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Births increase but it’s probably not a Covid-19 baby boom

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Baby boomlet: The number of babies born in Bermuda in 2020 increased compared to 2019, but it does not seem to have been caused by a Covid-19 baby boom.

Fifteen more babies were born in 2020 than a year earlier, reversing a trend that began with the financial crisis of 2008.

The increase from 525 to 540 registered births does not appear to have been due to a baby boom many predicted when the world went into lockdown as a result of the Covid-19 pandemic.

But the increase interrupted a long-term trend which saw live births plummet from 859 in 2007 to 525 in 2019. At the same time, deaths steadily increased, and for the last three years have exceeded births, meaning Bermuda experienced a net population decline.

Part of the reason for the decline in the birth rate has been mothers having children later – with the majority of mothers now giving birth while in their 30s.

That was already true in 2011 when 53 per cent of mothers were in their 30s compared to 37 per cent in their 20s. By 2020, the number of births to mothers in their 30s had remained essentially the same despite the overall decline in births, falling marginally from 358 to 345. But the number of mothers in their 20s fell dramatically – from 253 to 140.

Proportionately, mothers in their 30s now dominate, making up 64 per cent or two in three of all new mothers, compared to 53 per cent ten years earlier.

And mothers in their 20s have fallen as a proportion as well, and are responsible for most of the decline in the overall birth rate, making up 26 per cent, or one in four of mothers, compared to 37 per cent in 2011.

As for the increase in births in 2020, monthly statistics show an upsurge towards the end of the year, with 19 more births on a year over year basis between September and November which would roughly coincide with babies conceived with the beginning of the pandemic in February 2020.

However births fell by three in December, so it is not clear if the trend was sustained. The lockdown began at the end of March, so babies conceived in late March and April would have begun to be born in December and earlier in 2021.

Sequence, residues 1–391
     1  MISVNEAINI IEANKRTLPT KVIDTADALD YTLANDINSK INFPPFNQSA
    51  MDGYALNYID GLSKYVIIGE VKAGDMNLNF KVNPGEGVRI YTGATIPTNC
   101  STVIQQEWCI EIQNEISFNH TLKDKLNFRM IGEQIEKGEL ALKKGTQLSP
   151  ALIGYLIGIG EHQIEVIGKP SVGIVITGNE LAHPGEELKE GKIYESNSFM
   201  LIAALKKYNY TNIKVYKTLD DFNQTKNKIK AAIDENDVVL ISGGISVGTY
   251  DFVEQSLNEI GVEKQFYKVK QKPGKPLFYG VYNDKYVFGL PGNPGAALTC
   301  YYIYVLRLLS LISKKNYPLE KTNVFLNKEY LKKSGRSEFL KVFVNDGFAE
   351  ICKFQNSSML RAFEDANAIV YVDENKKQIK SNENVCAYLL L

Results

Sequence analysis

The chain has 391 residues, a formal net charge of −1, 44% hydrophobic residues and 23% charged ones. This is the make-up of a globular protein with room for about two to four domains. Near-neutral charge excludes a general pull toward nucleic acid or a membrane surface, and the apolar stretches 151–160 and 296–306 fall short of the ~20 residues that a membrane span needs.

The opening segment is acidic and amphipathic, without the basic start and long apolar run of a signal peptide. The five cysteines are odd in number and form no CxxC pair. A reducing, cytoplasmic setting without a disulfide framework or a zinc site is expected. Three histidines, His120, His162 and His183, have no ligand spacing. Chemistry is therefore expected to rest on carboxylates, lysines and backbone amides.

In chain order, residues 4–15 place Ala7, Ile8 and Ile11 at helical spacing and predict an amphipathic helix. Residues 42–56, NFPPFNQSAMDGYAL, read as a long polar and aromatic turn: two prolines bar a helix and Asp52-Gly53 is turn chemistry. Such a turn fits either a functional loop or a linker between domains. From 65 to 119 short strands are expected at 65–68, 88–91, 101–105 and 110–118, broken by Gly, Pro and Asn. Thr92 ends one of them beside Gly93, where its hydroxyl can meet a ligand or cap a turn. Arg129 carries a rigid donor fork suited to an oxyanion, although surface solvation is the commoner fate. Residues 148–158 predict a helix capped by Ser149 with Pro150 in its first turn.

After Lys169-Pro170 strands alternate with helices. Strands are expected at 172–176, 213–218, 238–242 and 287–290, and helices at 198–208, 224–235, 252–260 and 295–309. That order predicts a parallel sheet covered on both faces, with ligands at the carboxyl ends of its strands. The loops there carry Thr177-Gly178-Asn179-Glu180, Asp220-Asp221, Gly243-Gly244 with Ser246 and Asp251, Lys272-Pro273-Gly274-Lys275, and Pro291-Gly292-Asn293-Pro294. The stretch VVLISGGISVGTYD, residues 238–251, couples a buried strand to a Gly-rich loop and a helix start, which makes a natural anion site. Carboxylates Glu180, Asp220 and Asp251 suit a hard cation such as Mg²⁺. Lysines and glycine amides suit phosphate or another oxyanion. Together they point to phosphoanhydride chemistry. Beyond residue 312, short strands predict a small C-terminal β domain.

Figures from the Bermuda Hospitals Board – which records births slightly differently from the Registry – suggests the trend did not continue into this year.

Through the first five months of the year, the hospital said 194 babies were born compared to 213 in the same period in 2020.

Bermuda will also likely see more children born out of wedlock than to married couples in the near future. There were 271 children born in wedlock in 2020 compared to 269 born out of wedlock. That compares to 341 in wedlock births in 2016 and 250 out of wedlock births.

Out of wedlock births have remained broadly steady in the last five years, while in wedlock births have steadily declined.

This appears to be a result of older unmarried mothers having children without getting married.

Just one of the 36 teen mothers in the last five years was married, but that total is dwarfed by the 1,678 mothers in their 30s who constitute more than half of new mothers over the last five years.

They are also less likely to be married than they were; in 2016, 255 of mothers in their 30s were married, but this had fallen 20 per cent to 205 by 2020, while the number of unmarried mothers rose by 61 per cent from 87 to 140. Where married mothers made up 74 per cent of all mothers in their 30s in 2016, they made up 60 per cent five years later.

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Published July 10, 2021 at 7:59 am (Updated July 10, 2021 at 7:59 am)

Births increase but it’s probably not a Covid-19 baby boom

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